Regulator probes Christian charity for accounts failures

Kingdom Life Ministries of north London failed to submit its accounts on time for three consecutive years

The Charity Commission has opened a statutory inquiry into a London-based Christian charity after it failed to submit its accounts on time for three consecutive years.

Kingdom Life Ministries, which is based in Tottenham, north London, and promotes Christianity, has been accused by the commission of showing evidence of mismanagement and of non-compliance with the regulator.

The charity was included in a class inquiry last year after failing to submit its accounts for the financial years ending 31 May 2014 and 2015.

KLM was later removed from the class inquiry, which included a group of charities that had repeatedly failed to file accounts on time, after it submitted the outstanding accounts in April this year.

But the charity filed its 2016 accounts 74 days late, the Charity Commission website shows, which prompted the new statutory inquiry.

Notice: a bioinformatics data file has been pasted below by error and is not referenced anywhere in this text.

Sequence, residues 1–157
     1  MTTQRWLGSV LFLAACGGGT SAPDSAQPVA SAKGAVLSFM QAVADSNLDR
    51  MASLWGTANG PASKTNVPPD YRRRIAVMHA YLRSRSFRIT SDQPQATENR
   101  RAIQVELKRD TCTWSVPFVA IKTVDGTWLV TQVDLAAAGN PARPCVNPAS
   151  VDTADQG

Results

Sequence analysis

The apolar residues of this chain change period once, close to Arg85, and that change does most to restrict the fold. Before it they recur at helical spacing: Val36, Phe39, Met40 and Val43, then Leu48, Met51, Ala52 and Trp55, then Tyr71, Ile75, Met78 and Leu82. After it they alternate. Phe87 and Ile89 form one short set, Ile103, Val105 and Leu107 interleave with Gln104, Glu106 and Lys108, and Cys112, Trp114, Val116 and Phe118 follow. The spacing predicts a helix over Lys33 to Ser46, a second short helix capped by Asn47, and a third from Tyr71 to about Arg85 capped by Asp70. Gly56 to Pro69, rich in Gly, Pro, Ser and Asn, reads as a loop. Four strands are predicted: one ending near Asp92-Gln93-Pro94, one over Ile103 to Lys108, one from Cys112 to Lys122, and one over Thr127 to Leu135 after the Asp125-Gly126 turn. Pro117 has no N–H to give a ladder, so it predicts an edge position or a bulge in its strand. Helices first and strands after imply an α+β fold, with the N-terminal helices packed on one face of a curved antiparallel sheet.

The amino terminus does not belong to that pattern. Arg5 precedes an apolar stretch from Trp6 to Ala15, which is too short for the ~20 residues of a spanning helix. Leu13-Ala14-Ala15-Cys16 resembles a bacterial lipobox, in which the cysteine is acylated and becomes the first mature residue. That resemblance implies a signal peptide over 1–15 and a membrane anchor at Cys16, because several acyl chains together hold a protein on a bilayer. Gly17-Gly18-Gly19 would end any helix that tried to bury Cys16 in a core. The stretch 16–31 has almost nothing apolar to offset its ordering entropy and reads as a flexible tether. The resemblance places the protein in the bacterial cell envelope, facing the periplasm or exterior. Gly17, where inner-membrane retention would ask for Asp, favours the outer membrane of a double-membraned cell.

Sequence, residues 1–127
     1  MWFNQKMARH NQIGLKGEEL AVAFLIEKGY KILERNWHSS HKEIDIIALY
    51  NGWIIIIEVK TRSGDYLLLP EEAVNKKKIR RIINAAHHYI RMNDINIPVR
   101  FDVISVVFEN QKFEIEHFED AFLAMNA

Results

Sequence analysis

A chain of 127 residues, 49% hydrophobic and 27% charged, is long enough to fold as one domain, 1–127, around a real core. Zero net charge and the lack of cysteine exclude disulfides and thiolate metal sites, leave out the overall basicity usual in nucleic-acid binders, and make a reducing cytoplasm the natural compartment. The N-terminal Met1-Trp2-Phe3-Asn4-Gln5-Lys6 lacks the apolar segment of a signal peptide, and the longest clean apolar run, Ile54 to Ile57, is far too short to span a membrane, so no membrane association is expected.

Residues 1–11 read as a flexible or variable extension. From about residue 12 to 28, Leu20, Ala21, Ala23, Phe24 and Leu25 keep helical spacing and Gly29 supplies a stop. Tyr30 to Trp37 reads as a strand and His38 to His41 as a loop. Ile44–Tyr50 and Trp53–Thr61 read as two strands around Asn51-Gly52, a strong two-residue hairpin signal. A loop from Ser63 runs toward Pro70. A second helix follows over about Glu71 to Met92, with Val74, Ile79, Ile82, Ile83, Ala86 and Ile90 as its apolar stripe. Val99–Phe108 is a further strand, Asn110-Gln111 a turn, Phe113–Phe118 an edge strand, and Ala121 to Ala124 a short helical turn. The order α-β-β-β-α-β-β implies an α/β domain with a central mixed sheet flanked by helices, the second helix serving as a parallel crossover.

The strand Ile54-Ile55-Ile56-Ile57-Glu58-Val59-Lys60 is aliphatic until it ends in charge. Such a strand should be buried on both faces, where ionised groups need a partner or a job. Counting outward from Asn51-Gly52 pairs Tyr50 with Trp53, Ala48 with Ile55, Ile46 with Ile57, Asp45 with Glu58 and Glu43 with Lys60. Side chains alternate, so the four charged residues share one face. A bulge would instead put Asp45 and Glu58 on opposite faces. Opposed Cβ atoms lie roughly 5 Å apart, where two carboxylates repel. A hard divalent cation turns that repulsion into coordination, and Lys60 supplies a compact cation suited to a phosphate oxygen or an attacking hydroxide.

The commission said that because the charity had been given regulatory advice and guidance, "it is of serious regulatory concern to the commission that the charity has continued to default on its statutory duties".

According to the Charity Commission website, the charity had an income of £870,411 and spent £860,563 in the year to 31 May 2016.

The website shows that the charity has filed each of the past five sets of accounts late, ranging from 15 days overdue to 489 days behind schedule.

The inquiry will examine the extent to which the trustees have complied with previous guidance and whether they are carrying out their legal obligations properly.

The charity did not respond to a request for comment before Third Sector’s deadline.

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